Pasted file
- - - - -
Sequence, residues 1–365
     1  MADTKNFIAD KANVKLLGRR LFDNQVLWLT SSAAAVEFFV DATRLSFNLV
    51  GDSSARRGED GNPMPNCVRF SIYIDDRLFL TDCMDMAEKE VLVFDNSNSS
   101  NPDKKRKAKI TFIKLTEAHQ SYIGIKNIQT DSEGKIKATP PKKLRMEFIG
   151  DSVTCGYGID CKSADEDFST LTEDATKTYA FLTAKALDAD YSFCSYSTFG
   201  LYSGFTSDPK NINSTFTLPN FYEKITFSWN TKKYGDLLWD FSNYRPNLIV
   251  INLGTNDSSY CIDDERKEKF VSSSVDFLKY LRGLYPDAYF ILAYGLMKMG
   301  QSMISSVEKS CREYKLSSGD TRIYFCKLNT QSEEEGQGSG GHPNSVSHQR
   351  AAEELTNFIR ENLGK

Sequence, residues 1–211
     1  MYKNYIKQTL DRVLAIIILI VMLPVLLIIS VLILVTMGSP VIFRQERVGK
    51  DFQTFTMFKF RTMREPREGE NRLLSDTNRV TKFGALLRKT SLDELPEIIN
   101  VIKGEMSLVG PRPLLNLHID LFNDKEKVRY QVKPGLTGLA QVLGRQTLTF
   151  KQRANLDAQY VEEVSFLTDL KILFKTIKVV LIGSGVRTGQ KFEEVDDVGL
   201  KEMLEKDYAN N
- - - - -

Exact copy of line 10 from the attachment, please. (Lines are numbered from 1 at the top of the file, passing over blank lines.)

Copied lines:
Sequence, residues 1–211